Facebook wants to rob us of our democratic news

Photo Credit: Phoebe Lim
Photo Credit: Phoebe Lim
Photo Credit: Phoebe Lim

Realizing how dependent the masses have become on Facebook for daily news updates, the social media giant now aims to partner with news companies to host news material.

Personally, I can’t help but be highly skeptical of big corporations coming together for sensitive causes like informing the masses. Call me a conspiracy theorist, but something about Facebook proactively consolidating and controlling what news counts as worthy of our attention seems a tad Nineteen Eighty-Four.

With the uprise in independent media outlets, major news publications have been under increasing public scrutiny. It’s no secret that on numerous occasions, narratives pushed through large media outlets tend to be biased. Now that Facebook plans to forcibly upload pieces of these same news articles onto our news feeds, they stand to sway public opinion to a large extent — yet another attempt the network has made to control our entire media experience.

Today, social media offer consumers the ability to create and share content that is important to them. This has fostered a more democratic media environment, one with values that major publications do not oftentimes reflect. Facebook could therefore abandon a fundamental source of attraction users had to it in the first place.

My issue with the proposed partnerships is the fact that as a profitable corporation, Facebook will more than likely be influenced by corporate interest in posting news, leading to dollar-driven stories permeating user feeds. Historically, commercialized information has frequently been exposed as misleading — a potential risk in trusting a company as large as Facebook to curate news-worthy material.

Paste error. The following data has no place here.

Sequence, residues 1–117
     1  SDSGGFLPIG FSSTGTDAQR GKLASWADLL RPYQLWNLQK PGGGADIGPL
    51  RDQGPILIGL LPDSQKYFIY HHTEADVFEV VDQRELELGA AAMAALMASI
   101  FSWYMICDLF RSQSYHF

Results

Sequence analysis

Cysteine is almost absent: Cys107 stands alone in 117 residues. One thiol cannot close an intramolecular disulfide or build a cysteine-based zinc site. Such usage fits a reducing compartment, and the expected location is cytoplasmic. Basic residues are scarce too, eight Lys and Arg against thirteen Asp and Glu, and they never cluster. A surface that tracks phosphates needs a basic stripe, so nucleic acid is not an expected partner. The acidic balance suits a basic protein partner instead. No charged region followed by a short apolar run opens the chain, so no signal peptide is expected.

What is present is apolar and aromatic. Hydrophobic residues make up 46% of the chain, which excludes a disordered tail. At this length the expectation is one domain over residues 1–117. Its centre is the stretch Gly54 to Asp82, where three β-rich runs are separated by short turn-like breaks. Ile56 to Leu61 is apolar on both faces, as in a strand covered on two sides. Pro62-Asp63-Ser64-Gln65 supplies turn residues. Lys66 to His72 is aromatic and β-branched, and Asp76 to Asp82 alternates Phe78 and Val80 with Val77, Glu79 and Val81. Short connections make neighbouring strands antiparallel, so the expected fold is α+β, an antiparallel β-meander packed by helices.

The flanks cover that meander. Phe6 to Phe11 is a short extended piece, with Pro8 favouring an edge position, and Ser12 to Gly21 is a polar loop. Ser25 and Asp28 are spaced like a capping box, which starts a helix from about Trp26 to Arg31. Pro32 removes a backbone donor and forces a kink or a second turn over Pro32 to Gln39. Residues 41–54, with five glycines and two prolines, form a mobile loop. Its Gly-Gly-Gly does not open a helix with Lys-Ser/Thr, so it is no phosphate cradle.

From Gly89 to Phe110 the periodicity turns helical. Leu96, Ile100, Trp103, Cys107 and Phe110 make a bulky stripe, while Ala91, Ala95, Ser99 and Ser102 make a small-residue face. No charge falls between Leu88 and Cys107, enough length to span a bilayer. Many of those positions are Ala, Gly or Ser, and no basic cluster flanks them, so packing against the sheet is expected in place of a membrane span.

Facebook inherently says that their algorithms trump the work done by users.

Secondly, Facebook implies that they know exactly what interests users, using that information to ‘suggest’ posts on our news feeds. In my experience, many of those suggestions prove bothersome and fail to actually appeal to my interests. With the news partnerships, the site would now have the power to ‘suggest’ what is news-worthy and what isn’t. Judging from the track record Facebook has in taking my interests into consideration, I’m not too excited to see what news they think is important to me.

The network also seems to be working on the assumption that users visit the site for news because they trust the site itself. What the company fails to realize is that the site is trusted because its content is largely user-curated or created. Facebook inherently suggests that their algorithms and codes trump the work done by users to create an experience. This falsity defies the whole concept of media that is social.

You could argue that one could simply turn to other sources and ignore Facebook news. However, by virtue of Facebook’s other services that command so much attention, users will inevitably find news stories while scrolling through their feeds, making the issue unavoidable even for people who have other news source options.

Undoubtedly, the social network has discovered what may be a lucrative business opportunity by capturing even more marketing dollars through millions of clicks. In hosting an array of other publications, Facebook stands to become an even larger media monster than it currently is. But in terms of news content, I feel as though the website should aim to maintain its position as simply a news platform rather than an actual news reporter.